That’s also true of Ruth Rendell’s Kingsmarkham. Fans of her Inspector Reg Wexford series will know that most of the novels in it take place in this fictional town. It isn’t a real place, but it’s certainly authentic. In novels such as Road Rage and Simisola, we see the town adapt (or not) to social and other changes. The cast of ‘regulars’ is authentic; so are details such as climate, kinds of businesses and physical setting. Fans of the series will tell you that to them, Kingsmarkham might very well be an actual place. In fact, it’s said that Rendell once had to remind a reader that she created the place when that reader questioned her about it. I don’t have all of the details but I wouldn’t be at all surprised if it were true. Kingsmarkham is very genuine.

So is Three Pines, the rural Québec creation of Louise Penny.  As fans of this series will know, Chief Inspector Armand Gamache of the Sûreté du Québec spends his share of time there. Beginning with Still Life, readers have gotten to know many of the locals very well. Gamache doesn’t live there, but he’s become one of them in his way. The place is authentic. It fits in with the region and it develops and evolves as the series goes on. Buildings change hands, people come and go, and there’s a cast of recurring characters that adds much to the authenticity of this fictional place. The climate and culture are also realistic. I would guess that plenty of people have done an Internet search for Three Pines, thinking they would find it on an actual map. Here’s what Penny says about the place:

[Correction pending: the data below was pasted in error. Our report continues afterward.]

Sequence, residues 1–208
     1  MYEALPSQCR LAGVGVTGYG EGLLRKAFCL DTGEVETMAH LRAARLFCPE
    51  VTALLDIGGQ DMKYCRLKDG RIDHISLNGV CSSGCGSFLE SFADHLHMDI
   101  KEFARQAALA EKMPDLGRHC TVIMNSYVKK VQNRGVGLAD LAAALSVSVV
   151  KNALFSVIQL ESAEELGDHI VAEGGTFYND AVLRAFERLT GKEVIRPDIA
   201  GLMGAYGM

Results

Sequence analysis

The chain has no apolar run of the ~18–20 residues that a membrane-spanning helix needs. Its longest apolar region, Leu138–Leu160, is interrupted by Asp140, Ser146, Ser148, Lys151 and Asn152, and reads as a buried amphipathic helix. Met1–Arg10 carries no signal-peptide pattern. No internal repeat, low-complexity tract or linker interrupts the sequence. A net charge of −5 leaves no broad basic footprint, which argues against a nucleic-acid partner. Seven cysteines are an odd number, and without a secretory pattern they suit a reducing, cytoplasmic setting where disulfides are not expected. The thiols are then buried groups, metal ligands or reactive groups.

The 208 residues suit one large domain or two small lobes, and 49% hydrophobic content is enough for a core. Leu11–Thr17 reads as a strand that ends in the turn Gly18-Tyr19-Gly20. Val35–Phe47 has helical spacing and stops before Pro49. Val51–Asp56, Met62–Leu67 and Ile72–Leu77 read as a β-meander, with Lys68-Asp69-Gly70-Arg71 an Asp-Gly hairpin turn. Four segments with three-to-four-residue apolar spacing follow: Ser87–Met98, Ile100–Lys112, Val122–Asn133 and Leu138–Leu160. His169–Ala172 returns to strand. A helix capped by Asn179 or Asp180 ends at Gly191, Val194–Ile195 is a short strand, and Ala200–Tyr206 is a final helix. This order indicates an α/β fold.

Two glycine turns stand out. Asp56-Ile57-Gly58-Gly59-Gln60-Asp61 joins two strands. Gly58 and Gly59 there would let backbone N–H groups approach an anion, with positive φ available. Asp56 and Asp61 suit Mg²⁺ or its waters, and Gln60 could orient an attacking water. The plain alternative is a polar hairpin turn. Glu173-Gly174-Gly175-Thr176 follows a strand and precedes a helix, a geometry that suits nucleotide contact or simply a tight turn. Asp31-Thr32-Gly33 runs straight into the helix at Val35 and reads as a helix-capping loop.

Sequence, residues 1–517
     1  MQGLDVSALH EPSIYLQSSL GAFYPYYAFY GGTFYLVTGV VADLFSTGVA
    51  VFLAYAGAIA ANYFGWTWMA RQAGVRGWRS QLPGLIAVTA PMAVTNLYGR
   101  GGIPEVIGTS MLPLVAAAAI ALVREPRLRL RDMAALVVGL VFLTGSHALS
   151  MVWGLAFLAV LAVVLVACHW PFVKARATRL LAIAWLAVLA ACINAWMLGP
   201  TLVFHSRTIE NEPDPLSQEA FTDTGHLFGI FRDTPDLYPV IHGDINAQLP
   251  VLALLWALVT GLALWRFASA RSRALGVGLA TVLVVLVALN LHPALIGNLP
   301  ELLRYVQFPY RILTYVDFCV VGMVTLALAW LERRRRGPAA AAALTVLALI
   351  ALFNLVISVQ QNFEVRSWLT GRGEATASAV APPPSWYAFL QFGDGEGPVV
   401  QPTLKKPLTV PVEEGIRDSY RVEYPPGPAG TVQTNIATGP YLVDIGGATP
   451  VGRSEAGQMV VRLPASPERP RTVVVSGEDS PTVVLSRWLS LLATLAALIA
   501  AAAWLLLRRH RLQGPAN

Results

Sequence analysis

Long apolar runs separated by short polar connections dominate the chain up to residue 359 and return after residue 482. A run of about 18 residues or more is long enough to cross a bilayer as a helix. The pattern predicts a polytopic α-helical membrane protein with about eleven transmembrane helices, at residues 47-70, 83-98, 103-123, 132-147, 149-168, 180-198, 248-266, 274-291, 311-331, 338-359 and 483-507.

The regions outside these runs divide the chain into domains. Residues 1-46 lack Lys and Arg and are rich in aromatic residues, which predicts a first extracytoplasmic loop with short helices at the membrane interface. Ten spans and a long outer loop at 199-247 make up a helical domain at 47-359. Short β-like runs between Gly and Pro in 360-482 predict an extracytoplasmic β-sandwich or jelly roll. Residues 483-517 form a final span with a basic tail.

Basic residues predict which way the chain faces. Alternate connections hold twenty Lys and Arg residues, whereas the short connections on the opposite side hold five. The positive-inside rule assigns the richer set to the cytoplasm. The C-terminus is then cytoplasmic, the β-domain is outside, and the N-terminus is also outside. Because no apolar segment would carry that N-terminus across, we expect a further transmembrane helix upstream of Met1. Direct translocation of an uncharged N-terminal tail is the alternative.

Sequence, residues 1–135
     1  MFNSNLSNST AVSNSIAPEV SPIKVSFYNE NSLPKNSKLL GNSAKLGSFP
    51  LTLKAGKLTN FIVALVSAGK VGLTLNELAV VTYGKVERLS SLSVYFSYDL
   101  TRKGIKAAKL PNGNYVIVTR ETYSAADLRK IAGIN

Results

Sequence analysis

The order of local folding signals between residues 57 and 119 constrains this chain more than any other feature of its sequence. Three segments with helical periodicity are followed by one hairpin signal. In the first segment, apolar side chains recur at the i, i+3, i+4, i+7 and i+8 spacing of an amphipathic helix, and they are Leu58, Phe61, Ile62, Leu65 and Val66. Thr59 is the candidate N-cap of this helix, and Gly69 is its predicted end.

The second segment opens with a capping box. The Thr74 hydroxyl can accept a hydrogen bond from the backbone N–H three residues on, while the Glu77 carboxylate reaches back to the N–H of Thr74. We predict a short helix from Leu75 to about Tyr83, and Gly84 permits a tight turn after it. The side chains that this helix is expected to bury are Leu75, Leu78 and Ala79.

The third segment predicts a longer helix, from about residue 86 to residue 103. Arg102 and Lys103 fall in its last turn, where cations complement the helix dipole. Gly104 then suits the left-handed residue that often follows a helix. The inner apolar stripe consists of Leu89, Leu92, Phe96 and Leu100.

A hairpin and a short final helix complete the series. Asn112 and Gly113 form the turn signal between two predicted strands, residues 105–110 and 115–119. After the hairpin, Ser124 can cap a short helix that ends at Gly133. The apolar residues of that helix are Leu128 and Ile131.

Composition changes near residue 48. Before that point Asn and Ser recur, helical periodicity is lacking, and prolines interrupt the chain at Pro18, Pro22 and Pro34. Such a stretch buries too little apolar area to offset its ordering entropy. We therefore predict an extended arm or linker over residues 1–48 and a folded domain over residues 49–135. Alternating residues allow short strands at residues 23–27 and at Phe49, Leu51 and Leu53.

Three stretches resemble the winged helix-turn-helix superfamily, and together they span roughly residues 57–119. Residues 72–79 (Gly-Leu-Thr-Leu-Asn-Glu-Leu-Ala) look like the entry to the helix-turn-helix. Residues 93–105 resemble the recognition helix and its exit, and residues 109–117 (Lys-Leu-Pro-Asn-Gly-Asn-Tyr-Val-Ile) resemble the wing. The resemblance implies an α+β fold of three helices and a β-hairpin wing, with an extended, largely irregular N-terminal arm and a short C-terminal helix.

‘I love Three Pines. I created it because I would want to live there.’

 

It may not be on maps, but it’s a believable town.

We could also say that about Vigàta, the fictional home of Andrea Camilleri’s Inspector Salvo Montalbano. Vigàta is located in Sicily and is based on Camilleri’s home town of Porto Empedocle. It’s not a real place, but it’s quite authentic. The trattorias, the buildings, the local culture and the character types ring very true, and that’s not just because it’s inspired by a real place. Camilleri creates an authentic sense of setting with the subtle and not-so-subtle details that make a place genuine.